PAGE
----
The case of John Doe v Gregory Fenves concluded by settlement Monday, and Doe is “in the clear,” according to his attorney.
John Doe is the pseudonym for a student suspended in April after Fenves determined Doe violated the University’s sexual misconduct policy. After Monday’s hearing, Doe is permanently unsuspended and will be able to enroll in classes in the spring.
Fenves was in court Monday but did not testify. If he took the stand, Fenves could have been questioned on UT’s sexual assault policy.
Doe’s attorney, Brian Roark, said it is unclear whether these types of sexual assault cases will continue to be reviewed by the president’s office, something the lawsuit pushed against. The lawsuit claimed Fenves is a political figure and could have a conflict of interest in deciding the outcomes of sexual misconduct cases.
A Daily Texan investigation found it is unusual for a university president to be the final appellate officer for these cases. At UT, the policy granting that power has been in place since the 1970s.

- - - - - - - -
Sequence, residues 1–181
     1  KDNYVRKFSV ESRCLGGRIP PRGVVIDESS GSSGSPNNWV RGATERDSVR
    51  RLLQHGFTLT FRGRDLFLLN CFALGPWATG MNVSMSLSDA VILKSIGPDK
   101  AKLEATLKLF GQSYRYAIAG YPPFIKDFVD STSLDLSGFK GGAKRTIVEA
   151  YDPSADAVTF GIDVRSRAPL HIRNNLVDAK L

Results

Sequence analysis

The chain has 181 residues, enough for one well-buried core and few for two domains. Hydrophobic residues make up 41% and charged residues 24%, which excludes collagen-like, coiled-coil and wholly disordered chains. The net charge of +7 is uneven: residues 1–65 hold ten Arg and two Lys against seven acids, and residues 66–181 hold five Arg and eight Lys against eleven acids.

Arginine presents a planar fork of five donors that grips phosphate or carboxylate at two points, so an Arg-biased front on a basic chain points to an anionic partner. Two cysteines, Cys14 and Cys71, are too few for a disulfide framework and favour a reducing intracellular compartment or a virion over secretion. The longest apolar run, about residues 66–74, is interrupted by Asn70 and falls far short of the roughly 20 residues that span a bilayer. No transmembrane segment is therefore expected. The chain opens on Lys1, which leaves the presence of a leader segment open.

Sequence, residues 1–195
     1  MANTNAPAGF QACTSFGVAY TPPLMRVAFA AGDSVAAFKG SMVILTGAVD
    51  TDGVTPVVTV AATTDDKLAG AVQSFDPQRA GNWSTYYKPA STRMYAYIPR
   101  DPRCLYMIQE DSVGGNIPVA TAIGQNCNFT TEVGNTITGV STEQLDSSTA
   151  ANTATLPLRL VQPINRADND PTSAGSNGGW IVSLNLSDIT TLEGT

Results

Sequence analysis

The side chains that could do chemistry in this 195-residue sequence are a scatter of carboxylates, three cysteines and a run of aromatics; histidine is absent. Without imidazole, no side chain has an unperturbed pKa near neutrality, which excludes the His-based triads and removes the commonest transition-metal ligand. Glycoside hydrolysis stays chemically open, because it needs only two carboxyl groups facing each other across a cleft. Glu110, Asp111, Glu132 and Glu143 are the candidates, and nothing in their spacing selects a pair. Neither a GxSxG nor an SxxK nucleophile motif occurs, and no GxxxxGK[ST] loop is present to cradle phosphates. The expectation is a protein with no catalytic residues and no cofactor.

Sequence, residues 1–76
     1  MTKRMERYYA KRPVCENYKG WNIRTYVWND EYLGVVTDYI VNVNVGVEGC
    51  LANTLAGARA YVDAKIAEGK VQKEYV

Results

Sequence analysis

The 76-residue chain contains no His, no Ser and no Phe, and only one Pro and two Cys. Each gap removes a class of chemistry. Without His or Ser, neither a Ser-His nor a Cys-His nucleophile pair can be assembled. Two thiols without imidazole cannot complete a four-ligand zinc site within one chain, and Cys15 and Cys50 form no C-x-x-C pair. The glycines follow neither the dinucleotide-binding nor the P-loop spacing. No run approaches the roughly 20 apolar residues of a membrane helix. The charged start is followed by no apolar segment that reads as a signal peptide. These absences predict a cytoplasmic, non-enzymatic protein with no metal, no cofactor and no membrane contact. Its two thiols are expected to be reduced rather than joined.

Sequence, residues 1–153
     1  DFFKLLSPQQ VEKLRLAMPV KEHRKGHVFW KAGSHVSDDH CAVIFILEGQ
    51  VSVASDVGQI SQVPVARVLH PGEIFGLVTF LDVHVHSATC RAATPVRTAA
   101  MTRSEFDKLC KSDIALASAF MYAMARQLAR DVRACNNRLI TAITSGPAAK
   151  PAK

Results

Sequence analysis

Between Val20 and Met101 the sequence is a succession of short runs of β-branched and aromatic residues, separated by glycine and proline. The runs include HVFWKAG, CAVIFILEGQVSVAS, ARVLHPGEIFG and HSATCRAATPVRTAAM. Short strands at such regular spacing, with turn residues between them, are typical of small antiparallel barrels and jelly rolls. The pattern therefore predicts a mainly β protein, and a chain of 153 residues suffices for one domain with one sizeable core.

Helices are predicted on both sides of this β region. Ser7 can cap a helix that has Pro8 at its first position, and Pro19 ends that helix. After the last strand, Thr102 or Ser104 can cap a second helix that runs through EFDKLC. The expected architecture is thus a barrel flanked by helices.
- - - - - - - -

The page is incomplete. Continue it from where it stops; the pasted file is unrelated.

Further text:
Last week, UT filed a court document stating the suspension was lifted temporarily and that the sexual misconduct case would be reviewed by an unnamed third party. They argued in the document that since the suspension was lifted, Doe’s lawsuit against the University became moot.
Roark, however, called this move a “sham” and an “attempt to avoid having Fenves answer questions under oath.”
After Monday’s hearing, which took place largely behind closed doors, Roark said the third party review will no longer happen and there will be no further option to appeal the case.
Outside the courtroom, Fenves did not have any additional comment.